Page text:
1 in 5 students in Singapore expect starting salaries of S$4,000 or more, survey finds

The top five industries for respondents were healthcare, the government sector, finance, tech, and education.
The Straits Times

Despite a weak global economic outlook, most of Singapore’s students are still hoping to earn monthly salaries of between S$3,000 and S$4,000 on entering the workforce, with some expecting even more than that, a new survey by scholarship portal BrightSparks has found.

The survey, which polled 3,215 students from universities (956 respondents), polytechnics (316 respondents) and junior colleges (1,943 respondents) found that about half of all respondents expected their pay to fall between S$3,000 and S$4,000.

About 20 per cent expected to earn between S$2,000 and S$3,000, while another 20 per cent hoped for S$4,000 and above. Just 1 per cent expected to earn under S$2,000.

When broken down by education level, junior college respondents had the highest salary expectations, with 24 per cent expecting salaries above S$4,000. This figure fell to 14 per cent for polytechnic respondents and 13 per cent for university respondents.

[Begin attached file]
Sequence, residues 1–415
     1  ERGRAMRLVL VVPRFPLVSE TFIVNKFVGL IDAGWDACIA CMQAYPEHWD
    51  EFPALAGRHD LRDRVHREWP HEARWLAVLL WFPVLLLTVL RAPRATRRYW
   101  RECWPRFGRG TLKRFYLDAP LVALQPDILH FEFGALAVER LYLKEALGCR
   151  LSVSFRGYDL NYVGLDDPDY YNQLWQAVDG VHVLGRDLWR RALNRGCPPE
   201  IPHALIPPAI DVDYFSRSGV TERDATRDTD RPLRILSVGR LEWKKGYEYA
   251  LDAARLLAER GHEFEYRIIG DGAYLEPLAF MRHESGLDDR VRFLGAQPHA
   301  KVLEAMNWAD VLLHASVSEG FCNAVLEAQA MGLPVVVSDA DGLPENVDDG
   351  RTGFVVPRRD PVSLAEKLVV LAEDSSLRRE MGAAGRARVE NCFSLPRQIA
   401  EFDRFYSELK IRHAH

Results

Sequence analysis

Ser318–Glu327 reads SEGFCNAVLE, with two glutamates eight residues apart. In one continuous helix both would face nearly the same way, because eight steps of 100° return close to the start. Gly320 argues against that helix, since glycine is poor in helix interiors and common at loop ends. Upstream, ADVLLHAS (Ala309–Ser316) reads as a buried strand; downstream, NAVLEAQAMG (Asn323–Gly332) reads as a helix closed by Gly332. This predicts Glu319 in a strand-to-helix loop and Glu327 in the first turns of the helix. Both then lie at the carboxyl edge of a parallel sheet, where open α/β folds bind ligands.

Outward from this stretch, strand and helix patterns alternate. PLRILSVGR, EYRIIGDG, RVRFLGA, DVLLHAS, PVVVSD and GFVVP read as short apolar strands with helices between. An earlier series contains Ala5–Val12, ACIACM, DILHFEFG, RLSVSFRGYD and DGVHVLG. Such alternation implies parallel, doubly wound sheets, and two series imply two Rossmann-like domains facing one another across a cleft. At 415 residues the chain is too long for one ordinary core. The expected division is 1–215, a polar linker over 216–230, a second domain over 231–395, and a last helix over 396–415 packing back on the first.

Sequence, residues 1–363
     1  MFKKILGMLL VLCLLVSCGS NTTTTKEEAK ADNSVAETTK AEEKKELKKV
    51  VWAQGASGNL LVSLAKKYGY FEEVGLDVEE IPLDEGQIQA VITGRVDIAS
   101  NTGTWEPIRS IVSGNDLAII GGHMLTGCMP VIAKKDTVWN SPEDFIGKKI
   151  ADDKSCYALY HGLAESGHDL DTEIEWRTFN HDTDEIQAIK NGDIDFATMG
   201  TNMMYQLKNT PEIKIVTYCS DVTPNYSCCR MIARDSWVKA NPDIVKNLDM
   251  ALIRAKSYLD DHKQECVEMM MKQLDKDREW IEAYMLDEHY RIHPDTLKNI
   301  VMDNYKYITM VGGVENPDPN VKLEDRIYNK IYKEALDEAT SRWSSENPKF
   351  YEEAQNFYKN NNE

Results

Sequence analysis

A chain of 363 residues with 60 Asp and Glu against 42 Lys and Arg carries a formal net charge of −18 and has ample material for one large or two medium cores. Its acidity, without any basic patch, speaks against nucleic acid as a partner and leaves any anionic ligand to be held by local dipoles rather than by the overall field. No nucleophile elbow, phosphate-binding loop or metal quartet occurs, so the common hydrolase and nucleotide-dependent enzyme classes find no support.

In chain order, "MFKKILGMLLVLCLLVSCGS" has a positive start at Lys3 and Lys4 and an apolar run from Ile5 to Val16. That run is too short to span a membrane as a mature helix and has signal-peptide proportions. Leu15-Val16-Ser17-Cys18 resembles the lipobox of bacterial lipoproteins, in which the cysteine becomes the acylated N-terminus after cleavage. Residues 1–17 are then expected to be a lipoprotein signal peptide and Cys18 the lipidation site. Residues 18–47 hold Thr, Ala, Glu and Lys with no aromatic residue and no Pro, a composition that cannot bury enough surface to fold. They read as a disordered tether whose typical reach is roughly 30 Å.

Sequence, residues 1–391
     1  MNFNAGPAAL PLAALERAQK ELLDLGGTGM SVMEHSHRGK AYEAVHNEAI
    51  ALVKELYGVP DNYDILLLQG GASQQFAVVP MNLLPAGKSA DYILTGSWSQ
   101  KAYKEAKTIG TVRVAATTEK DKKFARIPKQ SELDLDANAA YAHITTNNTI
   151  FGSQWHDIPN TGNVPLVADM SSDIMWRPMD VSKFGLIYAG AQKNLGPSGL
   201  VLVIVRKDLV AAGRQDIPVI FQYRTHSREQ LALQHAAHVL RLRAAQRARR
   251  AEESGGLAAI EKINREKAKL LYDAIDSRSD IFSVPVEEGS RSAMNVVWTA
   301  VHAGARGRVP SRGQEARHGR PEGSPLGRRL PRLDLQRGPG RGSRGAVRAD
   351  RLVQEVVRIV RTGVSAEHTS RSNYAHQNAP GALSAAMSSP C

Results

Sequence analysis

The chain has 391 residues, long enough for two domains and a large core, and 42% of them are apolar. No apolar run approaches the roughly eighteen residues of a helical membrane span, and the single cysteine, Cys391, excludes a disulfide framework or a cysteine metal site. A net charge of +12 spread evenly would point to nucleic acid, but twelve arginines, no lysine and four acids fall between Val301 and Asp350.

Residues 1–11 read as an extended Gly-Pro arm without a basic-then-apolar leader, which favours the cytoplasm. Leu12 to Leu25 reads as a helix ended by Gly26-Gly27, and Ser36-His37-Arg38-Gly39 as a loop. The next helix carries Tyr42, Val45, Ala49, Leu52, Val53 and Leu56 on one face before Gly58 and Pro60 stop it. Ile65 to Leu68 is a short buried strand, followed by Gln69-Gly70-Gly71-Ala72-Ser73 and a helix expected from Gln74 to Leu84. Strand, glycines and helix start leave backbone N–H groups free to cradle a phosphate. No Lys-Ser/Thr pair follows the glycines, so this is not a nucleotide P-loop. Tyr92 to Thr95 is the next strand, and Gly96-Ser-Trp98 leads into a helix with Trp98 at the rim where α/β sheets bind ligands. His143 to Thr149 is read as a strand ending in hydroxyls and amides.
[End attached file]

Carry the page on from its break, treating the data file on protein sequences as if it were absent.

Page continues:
When asked to select an expected salary bracket, the largest share of junior college respondents (26.5 per cent) picked “above S$4,000”, while the largest share of polytechnic and university respondents (24.5 per cent and 42.5 per cent respectively) picked the “S$3,000 to S$3,500” option.

The survey also found that students’ top three priorities when selecting a job were career opportunities, job security, and interesting work.

According to respondents, the most attractive industry here was healthcare, which BrightSparks attributed to increasing demand from Singapore’s ageing population.

This was followed by jobs in the Government sector, which were perceived as extremely stable, BrightSparks said.

Rounding out the top five sectors were finance, tech, and education.

When asked about university scholarships, the majority of respondents said that two to four years was an acceptable bond duration for scholarships to local universities, and four to six years for overseas universities.

A BrightSparks spokesman said that students were becoming more open to longer scholarship bonds due to the economic slowdown, and were increasingly seeking stable jobs.

According to the survey, the three most popular scholarships providers were the National University of Singapore, Nanyang Technological University, and the Ministry of Health.

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